In a late-night email, an Orlando Museum of Art spokeswoman said Sunday the institution would “continue to cooperate” with the FBI as the agency investigates the authenticity of works purportedly by Jean-Michel Basquiat on view in a high-profile exhibition — even as the works are set to leave the museum, and the country, a year earlier than originally planned.
“Heroes and Monsters,” an exhibit of works supposedly sold by Basquiat before his death in 1988 — and then left languishing in a storage locker for decades — opened to great fanfare in February. Museum director Aaron De Groft proclaimed the 25 paintings “masterpieces” and hosted a lavish opening party.
But a New York Times article quickly raised questions about the authenticity of the works — though museum officials have steadfastly stood by the art. On Sunday, The Times reported the FBI’s Art Crimes Team is investigating the works, based on a 2021 subpoena it obtained and interviews with anonymous sources, including some identified as museum employees.
In her email later that night, OMA spokeswoman Emilia Bourmas-Fry confirmed the museum had been contacted by the FBI in 2021 — but said the museum itself was not the target of the probe and agents had not visited the institution in Loch Haven Park, north of downtown.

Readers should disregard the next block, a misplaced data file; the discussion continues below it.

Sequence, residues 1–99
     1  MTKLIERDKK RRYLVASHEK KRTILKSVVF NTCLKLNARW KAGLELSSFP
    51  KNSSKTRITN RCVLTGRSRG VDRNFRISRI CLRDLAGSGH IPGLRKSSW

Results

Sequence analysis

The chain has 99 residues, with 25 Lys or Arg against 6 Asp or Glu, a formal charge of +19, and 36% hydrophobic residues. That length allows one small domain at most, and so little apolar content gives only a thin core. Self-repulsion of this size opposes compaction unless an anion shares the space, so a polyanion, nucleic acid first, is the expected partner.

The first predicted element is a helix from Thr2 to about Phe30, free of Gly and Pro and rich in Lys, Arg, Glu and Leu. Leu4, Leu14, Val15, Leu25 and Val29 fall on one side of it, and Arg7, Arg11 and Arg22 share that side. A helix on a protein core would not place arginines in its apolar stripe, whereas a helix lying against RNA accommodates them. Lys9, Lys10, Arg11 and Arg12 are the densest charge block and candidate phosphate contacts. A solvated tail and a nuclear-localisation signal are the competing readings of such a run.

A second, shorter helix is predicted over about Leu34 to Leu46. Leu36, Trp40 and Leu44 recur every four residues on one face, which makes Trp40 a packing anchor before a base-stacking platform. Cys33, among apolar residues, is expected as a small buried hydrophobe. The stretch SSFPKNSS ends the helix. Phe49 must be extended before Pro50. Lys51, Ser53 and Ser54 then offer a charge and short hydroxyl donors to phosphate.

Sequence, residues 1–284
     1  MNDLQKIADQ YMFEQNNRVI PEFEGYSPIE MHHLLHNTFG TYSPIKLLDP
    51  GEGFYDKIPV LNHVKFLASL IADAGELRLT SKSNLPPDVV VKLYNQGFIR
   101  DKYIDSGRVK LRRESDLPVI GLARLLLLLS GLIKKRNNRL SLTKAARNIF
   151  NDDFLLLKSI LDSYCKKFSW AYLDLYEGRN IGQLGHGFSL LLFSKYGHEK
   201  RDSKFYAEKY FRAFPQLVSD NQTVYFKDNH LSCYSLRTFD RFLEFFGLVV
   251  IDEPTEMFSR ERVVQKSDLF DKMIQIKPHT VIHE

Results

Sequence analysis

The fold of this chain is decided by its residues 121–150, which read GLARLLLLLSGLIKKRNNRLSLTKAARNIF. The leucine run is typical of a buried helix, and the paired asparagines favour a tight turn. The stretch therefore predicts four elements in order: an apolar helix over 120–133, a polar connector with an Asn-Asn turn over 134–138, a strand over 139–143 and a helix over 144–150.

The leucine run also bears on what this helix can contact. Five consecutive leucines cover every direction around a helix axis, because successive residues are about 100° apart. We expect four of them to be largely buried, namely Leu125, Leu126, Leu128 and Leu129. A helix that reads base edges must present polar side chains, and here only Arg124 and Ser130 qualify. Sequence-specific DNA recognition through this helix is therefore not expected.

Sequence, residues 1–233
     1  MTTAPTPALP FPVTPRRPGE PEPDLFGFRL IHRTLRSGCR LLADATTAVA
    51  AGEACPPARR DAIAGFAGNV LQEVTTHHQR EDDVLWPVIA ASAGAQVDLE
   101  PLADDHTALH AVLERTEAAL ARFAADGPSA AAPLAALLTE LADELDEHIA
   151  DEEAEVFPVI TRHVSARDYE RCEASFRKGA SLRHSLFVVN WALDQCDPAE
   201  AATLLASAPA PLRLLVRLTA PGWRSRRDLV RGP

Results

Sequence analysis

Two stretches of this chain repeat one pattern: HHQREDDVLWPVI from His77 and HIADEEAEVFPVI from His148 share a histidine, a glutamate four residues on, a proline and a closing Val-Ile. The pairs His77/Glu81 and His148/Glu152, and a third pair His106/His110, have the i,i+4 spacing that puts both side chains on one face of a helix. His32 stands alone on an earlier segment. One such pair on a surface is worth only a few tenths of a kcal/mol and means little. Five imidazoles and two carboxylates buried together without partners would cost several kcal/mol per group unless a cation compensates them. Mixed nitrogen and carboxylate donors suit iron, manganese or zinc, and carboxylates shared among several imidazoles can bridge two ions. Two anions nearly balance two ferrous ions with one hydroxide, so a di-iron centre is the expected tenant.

“Last year, the Museum complied with a request for information,” Bourmas-Fry wrote. “The Museum has never been led to believe it was or is the subject of any investigation and has never had any FBI activity on-site. We see our involvement purely as a fact witness.”
The New York Times reported that the FBI subpoena required the museum to hand over Board of Trustees records about the art, as well as “any and all” communication between employees, the artworks’ owners and experts consulted about the paintings. But the newspaper said the subpoena did not make clear specifically whom was being investigated. The sale of art known to be fake is a federal crime.
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At stake is a big financial payoff for the California-based owners, art dealer William Force, retired salesman Lee Mangin and attorney Pierce O’Donnell — if the works could be sold. One estimate valued them at $100 million if genuine.
Basquiat had a short but meteoric career, bursting onto the cultural scene as a street artist in the early 1980s. After just a few years of creating his distinctive graffitilike work, he died of a heroin overdose at age 27.
Meanwhile, the “Heroes and Monsters” exhibition will be closing in a matter of weeks — just four months after opening — despite originally being announced as running through the summer of 2023. Bourmas-Fry confirmed via email that the exhibit would close at the end of June and be shipped to Italy, where exhibitions are planned. She would not say when or why the decision to end the exhibit early was made.
“Due to the sensitivities of the situation, we cannot comment further than the statement,” she wrote.
But even though the art will have departed Orlando, she said, the museum would still assist the FBI in its investigation.
“As we close the ‘Heroes and Monsters’ exhibition in a few weeks, we will continue to cooperate should there ever be any future requests,” she wrote.